Today should have been a good day in Afghanistan. District leader Abdul Zahir Aryan, the newly appointed civilian chief for Marjah, arrived Monday to begin restoring government authority. He plans to meet with community leaders and townspeople regardless of the security situation.
"The Marines have told us that the situation is better,” Aryan said. “It's OK. It's good. "I'm not scared because it is my home. I have come to serve the people."
Aryan could have carried Monday’s news cycle in Afghanistan. He’s going to be exposed and is already publicizing himself so he’s perfect journalistic material. But that prospect is gone now that the media cycle is dominated by at least 27 civilians killed in a NATO air-strike in Urōzgān province.
Mr. Aryan will spend the day bottom feeding on these reports.
"Yesterday a group of suspected insurgents, believed to be en route to attack a joint Afghan-ISAF unit, was engaged by an airborne weapons team resulting in a number of individuals killed and wounded," ISAF said in a statement. “After the joint ground force arrived at the scene and found women and children, they transported the wounded to medical treatment facilities.”
Zemarai Bashary, spokesman for Afghanistan's interior ministry, said the victims were traveling between the Kijran district and Chahar Chino district of Uruzgan when they were bombed.
"ISAF thought they were armed enemy elements who were driving towards their bases," he said.
America’s response was automatic. General McChrystal told reporters, “ We are extremely saddened by the tragic loss of innocent lives. I have made it clear to our forces that we are here to protect the Afghan people, and inadvertently killing or injuring civilians undermines their trust and confidence in our mission. We will redouble our efforts to regain that trust.”
But there is no evidence to trust his efforts, and the speed that he’s addressing casualties is actually beginning to backfire as the “tragic losses” stack up.
January closed with the deaths of four Afghan police mistakenly bombed by NATO. Brig. Gen. Eric Tremblay, a NATO spokesman, called the event a “regrettable incident” and promised an investigation, saying, “We work extremely hard to coordinate and synchronize our operations."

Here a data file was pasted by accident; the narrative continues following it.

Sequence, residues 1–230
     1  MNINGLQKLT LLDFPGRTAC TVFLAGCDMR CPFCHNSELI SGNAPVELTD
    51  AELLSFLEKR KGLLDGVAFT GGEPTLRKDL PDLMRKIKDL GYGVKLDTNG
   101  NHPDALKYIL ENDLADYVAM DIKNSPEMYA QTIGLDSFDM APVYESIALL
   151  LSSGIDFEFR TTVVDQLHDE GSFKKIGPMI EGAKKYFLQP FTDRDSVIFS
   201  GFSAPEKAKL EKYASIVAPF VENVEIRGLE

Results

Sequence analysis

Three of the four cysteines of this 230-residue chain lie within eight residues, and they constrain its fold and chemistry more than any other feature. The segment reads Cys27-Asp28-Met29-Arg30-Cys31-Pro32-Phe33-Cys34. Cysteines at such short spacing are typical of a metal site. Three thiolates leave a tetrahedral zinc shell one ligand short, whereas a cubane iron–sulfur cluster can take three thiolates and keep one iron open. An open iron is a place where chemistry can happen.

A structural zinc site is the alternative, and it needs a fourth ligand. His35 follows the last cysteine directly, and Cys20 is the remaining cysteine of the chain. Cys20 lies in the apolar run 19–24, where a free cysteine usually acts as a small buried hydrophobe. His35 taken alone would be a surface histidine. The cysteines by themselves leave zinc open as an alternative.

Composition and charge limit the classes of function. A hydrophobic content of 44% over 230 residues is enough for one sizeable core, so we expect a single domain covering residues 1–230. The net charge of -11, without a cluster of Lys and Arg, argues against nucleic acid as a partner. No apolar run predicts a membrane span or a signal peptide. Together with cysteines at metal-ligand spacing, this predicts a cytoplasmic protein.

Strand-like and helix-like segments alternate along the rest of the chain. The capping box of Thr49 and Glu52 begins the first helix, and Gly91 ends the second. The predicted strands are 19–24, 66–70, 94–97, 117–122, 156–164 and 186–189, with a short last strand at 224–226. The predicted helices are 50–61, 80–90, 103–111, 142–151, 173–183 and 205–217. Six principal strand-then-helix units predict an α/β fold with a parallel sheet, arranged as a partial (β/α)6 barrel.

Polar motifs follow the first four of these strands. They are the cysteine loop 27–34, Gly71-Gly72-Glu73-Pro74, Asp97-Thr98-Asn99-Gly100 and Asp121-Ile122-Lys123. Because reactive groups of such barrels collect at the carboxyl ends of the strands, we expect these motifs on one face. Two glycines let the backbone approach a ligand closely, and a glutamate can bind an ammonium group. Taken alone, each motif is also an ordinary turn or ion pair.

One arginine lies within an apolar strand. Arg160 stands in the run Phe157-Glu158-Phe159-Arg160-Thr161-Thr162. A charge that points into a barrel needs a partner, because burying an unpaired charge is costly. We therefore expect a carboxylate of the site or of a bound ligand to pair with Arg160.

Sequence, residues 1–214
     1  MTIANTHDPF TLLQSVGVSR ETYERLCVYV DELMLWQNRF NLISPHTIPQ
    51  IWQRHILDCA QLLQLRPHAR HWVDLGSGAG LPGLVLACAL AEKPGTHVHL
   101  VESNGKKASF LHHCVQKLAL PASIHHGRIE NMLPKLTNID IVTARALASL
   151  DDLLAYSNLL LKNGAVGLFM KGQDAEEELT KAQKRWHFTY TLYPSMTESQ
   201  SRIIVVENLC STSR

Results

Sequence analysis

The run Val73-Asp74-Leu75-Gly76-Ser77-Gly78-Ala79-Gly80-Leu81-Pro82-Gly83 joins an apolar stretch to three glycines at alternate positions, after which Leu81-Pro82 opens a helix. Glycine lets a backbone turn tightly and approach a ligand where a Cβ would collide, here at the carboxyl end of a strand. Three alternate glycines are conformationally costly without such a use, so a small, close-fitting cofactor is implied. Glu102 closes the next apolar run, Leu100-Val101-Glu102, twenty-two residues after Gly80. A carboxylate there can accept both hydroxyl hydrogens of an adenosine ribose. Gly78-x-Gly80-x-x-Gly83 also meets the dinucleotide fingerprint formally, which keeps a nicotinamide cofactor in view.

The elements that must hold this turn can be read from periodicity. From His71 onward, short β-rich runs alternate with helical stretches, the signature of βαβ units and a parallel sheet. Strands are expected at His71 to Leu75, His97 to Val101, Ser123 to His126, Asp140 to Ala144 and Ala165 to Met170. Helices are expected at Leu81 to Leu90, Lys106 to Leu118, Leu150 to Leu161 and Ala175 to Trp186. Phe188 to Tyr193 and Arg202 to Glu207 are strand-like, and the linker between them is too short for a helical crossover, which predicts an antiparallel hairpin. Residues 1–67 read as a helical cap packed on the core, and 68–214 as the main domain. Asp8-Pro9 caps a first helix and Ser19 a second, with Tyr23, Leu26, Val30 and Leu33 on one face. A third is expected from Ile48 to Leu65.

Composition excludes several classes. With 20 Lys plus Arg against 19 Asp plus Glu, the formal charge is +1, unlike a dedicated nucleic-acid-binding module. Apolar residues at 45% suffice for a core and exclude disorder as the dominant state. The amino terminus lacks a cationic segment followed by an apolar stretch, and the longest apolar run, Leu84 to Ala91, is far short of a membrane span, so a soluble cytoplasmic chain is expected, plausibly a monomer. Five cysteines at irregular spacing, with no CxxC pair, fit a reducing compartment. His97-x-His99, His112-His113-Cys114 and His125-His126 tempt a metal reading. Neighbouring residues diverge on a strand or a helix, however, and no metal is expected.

Two weeks ago Afghan police shot dead seven Afghan villagers, young men who were collecting firewood at night.
On the eve of Operation Moshtarak we pointed to Paktia province as an indicator of the chaotic and uncontrollable nature of war. Moshtarak opened with a fireball that consumed 12 civilians. Three more were picked off over the next two days.
“It's regrettable that in the course of our joint efforts, innocent lives were lost," General McChrystal would say amid the controversy. "We extend our heartfelt sympathies and will ensure we do all we can to avoid future incidents."
Elsewhere a NATO air-strike in Kandahar province mistook five civilians for Taliban laying an IED.
Just last Thursday, in Kunduz province, another NATO air strike missed its target and killed seven Afghan police while wounding two more.
"Afghan national security forces are critical to the security of this nation and the loss of a single Afghan life affects all of us," said Lieutenant General David Rodriguez in the statement. "We have committed to our Afghan partners every resource available to investigate this incident."
That was only February and every single time an investigation followed - as if that is the solution. These acts occur and will continue to occur because, for instance, the rockets that killed the 12 civilians were put back into the field.
After running all over the map on whether the HIMARS misfired or not, NATO concluded, “an investigation found that the weapon had not malfunctioned in Sunday's strike but that it still was not known why the house was hit.”
The statement also reads, "The review is still ongoing, but it has been determined that the HIMARS weapon system functioned properly,” meaning they know why the house was hit - they aimed at it despite a civilian presence.
General McChrystal is losing credibility.
He’s killed almost half as many civilians as Taliban over the course of Operation Moshtarak, and several incidents served as spectacular fodder for the media. President Karzai undermined him further by demanding zero casualties, an impossibility designed to protect and distance himself from America and its allies. That's not the plan.
25 or more fresh, dead civilians are certain to effect Operation Moshtarak going forward. By dropping bombs on innocent Afghans, America is dropping bombs on its own counterinsurgency.
Arrogance is deviously at work in the notion that civilian casualties can be minimized. US and NATO forces aren't necessarily making mistakes, they are succumbing to the inherent disadvantage in guerrilla warfare. War in general is chaotic, uncertain, uncontrollable, and McChrystal cannot deliver low casualties while fighting 20,000 Taliban at the same time.
Yet to kill busloads of men, women, and children instead of Taliban soldiers is truly heinous in itself and cannot be glossed over as a mistake of war. It is a crime of both humanity and counterinsurgency.
The possibility remains open for a Taliban setup, bad intel, but being tricked is not an excuse. Only a complete fabrication will save McChrystal. The Afghanistan Council of Ministers doesn't sound like it will accept "I'm sorry" this time, calling the mistake "unjustifiable."
The question then becomes: will the Afghan people?